Is there anything that you are so afraid of doing, that you daren't even start, just in case, you are no good at it, and, if you were no good at it, that could be the end of everything that you are trying to achieve. Well, for me that is the sugar rose. The rose has always been my favourite flower and I see so many beautiful sugar roses, that I want to be able to emulate, but, I can't even begin to try for fear of failing.
I don't know whether you saw her, but a little while back Peggy Porschen was on Paul Hollywood's Pies and Puds (a TV programme) and Peggy gave Paul a quick demonstration of how to make hand moulded fondant roses. Whilst they were chatting, Peggy mentioned, that when looking for new staff, one of the things she does, is get them to make these roses. The prospective staff make ten and Peggy looks to see if there is an improvement between the first and the last.
Rather than throwing a strop and chucking the lot out of the window, I decided to do a little research and do you know what? I discovered, that if you look closely and critically at the hand moulded fondant roses that others have made, they are not always that perfect, but somehow when combined with other decorations on a cake, they manage to look beautiful.
Some roses, do manage to always be beautiful and perfect and I started a new Pinterest board for different types of perfect sugar roses for when I need reference or inspiration.
These red roses are my second attempt at the hand moulded roses that I tried a couple of weeks after the peachy ones, I decided to make them smaller in size and just make a bud style of rose, that is, a centre and three petals. This lovely red colour is Beau sugar paste's "Vintage Rose", this is quite a soft paste, so I added a little CMC powder to help firm the paste up a bit.
I'm happier with these, I'm going to try them on some cakes and see how they look.
I think every cake decorator has their own style of hand moulded rose, it becomes a very personal thing and it is possible to recognise some cake makers from their distinctive roses.
Once you start to get the hang of it, the making of these little roses starts to become quite addictive. I had another go with these ivory ones. I thought I would try them with a darker centre for a little variety.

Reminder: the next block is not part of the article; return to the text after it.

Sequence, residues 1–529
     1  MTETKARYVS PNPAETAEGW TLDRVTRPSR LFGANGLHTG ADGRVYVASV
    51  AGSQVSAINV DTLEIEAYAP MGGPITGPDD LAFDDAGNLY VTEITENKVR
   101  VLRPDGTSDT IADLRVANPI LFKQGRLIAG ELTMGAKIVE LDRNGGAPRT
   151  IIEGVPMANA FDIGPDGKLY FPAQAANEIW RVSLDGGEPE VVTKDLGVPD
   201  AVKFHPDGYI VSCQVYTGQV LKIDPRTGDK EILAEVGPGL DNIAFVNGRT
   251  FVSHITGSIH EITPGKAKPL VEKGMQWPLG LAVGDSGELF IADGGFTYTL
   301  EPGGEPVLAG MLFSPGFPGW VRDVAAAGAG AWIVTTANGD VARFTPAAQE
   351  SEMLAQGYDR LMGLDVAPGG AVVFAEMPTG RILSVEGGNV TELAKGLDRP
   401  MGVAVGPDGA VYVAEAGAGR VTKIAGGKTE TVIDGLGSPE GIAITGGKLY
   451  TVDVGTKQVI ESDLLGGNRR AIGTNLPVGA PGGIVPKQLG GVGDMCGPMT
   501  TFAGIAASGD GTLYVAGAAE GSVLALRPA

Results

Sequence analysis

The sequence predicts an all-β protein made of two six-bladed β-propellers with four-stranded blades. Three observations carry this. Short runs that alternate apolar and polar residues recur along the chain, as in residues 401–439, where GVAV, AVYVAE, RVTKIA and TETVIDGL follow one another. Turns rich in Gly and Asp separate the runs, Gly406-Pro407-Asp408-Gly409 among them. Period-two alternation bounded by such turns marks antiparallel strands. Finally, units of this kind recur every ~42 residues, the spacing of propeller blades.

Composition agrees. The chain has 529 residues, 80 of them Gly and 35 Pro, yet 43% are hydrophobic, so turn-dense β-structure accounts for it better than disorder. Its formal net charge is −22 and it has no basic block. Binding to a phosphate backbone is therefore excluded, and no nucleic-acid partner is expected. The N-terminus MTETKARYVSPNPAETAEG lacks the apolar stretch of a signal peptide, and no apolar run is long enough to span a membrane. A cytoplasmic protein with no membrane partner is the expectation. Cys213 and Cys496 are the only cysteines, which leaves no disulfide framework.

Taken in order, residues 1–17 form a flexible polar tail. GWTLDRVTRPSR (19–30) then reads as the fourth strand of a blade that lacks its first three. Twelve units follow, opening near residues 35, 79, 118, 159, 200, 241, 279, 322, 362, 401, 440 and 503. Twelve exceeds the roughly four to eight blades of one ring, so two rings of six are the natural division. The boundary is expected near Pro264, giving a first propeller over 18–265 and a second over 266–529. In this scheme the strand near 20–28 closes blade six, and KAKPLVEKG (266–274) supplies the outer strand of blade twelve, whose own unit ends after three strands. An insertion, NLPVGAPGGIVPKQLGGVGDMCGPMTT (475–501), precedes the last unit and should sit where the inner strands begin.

When I have made another few hundred, I may have some roses to be truly proud of, hopefully, these are good enough for now.
just using a different brand of sugar paste / fondant gives these roses a different look. These ivory coloured ones are made with Squires Kitchen sugar paste. This already has a little gum tragacanth in it, so I didn't add anything else. This sugar paste was softer than that for the red roses that I made above, so they have a softer frillier look to them.
Making the Roses
The only equipment you need for these is your hands and an A4 plastic wallet (the sort you normally use for filing things in ring binders). Start by cutting down the side and bottom of the plastic wallet, so that it is just joined down one of the longer sides.
Next, make three little balls of sugar paste and a sausage shape
Place them inside your plastic wallet and squash them flat. Then use your thumb along one edge to make it thinner
Roll up the flattened sausage shape to make the centre of the rose bud
Next, add the petals, overlapping them.
Roll the base of the rose between your fingers to achieve the bud shape and remove the excess sugar paste.
Use your fingers to gently tease back the tops of the petals and then place them on a foam mat to harden until ready to use